I'm a novice.
Noob, newbie, grommit… all the newfangled terms for brand new to something. In other words - not good. No skills. No chops. A rank amateur. A learner.
The great thing about being new, if you bring there right mindset, is the incredible learning curve. Every day is PB day! Let’s go way back. Remember learning to walk? Well, obviously not, but ask your Mum and she’ll tell you it was a triumph. First you arrived and you couldn’t do much of anything. It’s all eat, sleep, shit, repeat. But then, like a miracle, you gained your feet, put one in front of the other. You did it. You deadset legend!
Imagine if we adopted that mentality to today. To every day. You didn’t just walk that fateful day. You struggled, you were helped in every possible way, and finally you made the very first literal step. You sure didn’t give up and commit to a life of crawling. "Meet you at the pub?” “Is it ground dweller accessible?” No, you persisted, fell, smacked your head on the table, finally nailed it.
It’s fair to say that I’m very comfortable in a gym. Having spent my entire working life in or around one. Bar a brief stint as a promo boy and fork lift driver (I can tell you, a pallet of condensed milk oozes out slowly and takes forever to clean once punctured with two forks placed at the wrong angle. Now you know).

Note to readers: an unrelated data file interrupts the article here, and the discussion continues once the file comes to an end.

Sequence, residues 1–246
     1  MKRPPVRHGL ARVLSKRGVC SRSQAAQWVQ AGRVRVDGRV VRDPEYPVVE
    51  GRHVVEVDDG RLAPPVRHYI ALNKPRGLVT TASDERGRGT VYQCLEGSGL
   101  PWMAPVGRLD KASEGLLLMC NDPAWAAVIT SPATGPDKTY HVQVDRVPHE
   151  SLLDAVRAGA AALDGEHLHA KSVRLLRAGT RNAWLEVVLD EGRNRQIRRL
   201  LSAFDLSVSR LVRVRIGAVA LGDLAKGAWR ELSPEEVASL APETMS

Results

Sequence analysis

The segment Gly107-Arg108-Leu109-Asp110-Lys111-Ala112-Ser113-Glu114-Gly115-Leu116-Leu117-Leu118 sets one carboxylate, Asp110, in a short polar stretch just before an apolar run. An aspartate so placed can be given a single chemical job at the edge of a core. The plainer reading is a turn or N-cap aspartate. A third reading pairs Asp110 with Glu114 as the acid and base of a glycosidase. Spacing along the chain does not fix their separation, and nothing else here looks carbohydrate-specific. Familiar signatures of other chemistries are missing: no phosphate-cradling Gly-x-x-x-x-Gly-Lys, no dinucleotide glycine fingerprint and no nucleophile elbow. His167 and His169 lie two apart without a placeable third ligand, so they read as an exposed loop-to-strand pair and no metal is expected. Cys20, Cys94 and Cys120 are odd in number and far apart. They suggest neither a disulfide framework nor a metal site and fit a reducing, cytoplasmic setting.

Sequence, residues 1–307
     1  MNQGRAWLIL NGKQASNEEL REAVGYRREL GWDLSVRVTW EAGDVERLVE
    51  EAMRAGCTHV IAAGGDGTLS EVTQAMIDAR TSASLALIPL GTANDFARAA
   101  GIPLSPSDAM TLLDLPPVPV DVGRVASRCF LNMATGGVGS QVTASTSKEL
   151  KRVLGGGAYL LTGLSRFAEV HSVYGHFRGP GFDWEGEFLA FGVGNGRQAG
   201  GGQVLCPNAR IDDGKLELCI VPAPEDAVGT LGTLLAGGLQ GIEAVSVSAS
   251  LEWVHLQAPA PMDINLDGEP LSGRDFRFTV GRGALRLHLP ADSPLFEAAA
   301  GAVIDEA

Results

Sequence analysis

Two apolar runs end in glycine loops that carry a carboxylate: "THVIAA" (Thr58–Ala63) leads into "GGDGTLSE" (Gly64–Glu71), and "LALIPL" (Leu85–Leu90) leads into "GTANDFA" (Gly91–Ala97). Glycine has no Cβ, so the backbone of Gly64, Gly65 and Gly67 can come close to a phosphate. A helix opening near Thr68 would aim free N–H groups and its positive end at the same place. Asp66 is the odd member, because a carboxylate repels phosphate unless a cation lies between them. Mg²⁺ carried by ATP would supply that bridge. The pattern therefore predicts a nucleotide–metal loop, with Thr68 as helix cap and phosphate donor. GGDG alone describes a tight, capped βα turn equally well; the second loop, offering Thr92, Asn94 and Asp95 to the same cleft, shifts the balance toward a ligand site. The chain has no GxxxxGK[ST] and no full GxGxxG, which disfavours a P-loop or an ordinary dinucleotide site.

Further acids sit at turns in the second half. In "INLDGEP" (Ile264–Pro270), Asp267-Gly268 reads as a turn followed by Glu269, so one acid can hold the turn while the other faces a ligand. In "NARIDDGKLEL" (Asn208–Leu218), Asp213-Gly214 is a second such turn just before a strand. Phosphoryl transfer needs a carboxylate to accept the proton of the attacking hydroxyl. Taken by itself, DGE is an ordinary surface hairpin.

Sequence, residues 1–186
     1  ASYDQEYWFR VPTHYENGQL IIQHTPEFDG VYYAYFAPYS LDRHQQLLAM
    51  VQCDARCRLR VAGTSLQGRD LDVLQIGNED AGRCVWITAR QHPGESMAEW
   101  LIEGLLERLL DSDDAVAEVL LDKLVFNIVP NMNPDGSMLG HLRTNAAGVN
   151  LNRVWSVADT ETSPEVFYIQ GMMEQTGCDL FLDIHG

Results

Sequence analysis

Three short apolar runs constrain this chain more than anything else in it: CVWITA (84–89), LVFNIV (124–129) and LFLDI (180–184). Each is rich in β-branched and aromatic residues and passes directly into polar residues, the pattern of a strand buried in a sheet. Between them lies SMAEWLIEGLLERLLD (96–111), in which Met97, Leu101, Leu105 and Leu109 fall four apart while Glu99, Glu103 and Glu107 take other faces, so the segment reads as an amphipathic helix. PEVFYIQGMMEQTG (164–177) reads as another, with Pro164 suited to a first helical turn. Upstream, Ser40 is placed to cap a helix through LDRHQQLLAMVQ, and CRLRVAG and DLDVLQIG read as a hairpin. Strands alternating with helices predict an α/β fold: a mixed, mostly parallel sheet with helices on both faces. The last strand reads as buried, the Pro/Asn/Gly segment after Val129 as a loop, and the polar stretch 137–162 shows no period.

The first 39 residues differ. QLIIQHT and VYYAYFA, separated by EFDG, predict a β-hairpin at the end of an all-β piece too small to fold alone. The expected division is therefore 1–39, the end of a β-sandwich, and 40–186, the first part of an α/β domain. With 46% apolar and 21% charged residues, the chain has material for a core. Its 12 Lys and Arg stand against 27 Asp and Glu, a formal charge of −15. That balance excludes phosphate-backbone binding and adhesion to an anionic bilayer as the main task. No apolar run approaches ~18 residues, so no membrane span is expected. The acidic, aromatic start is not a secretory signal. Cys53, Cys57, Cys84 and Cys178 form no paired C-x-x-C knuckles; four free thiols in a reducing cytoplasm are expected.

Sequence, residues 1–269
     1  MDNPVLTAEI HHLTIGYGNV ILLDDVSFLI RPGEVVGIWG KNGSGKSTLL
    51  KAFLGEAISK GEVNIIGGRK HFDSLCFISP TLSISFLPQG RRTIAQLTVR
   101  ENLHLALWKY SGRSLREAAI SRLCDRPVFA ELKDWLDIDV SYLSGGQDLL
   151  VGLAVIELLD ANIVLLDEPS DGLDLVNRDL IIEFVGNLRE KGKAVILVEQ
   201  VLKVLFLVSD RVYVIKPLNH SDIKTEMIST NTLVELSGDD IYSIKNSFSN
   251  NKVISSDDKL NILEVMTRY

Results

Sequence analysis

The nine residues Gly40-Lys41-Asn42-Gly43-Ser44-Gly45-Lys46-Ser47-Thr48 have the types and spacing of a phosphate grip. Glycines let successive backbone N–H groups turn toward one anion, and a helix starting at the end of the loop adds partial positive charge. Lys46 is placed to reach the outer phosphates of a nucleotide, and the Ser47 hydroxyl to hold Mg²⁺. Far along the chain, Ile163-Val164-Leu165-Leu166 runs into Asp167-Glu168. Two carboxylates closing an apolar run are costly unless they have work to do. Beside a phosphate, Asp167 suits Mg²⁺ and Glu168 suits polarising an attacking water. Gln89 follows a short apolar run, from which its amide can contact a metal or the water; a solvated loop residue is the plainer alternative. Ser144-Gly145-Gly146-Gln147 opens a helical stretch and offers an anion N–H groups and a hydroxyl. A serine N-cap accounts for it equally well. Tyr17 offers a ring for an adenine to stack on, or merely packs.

So, I was invited to a boxing gym by one of flatmates recently and I experienced that newbie feeling all over again. The feeling of uncertainty and anxiety about stepping into the unknown. What if I blow out? I’ll look like a dick. What If someone recognises me? My fitness reputation will be ruined. What if… "What if" is an unanswerable question that plagues us all. A question that gives you butterflies, instils the fear and can ultimately make you quit before you even start.
Having experienced that feeling every time I accept a new challenge (did you hear I did a burpee marathon?), I understand. I understand the nervousness, the self-doubt and the expectations to succeed - or fail - we put on ourselves.
The things is, there’s only one way forward, and that is to do something about it.
Step 1: Walk through the door. Coaches are here to take care of the rest.
Step 2: Tell the coach. It’s our job to optimise (some call it scaling) for you, help you find alternatives, and make the workout work for you.
Step 3: Manage expectations. You didn’t walk on day one just like I didn’t jump into the ring for 12 rounds against Tyson in the boxing class. (Editor’s note: Pity. Would have been great to watch.)
Remember, your coaches need you to succeed. If you don’t, you won’t come back and I’m driving a forklift again. Talk to me at anytime, about anything.
Help the coaches to help you, and we’ll keep being newbies together.
P.S. My arm hurts from hitting the bag too hard. Lesson relearned.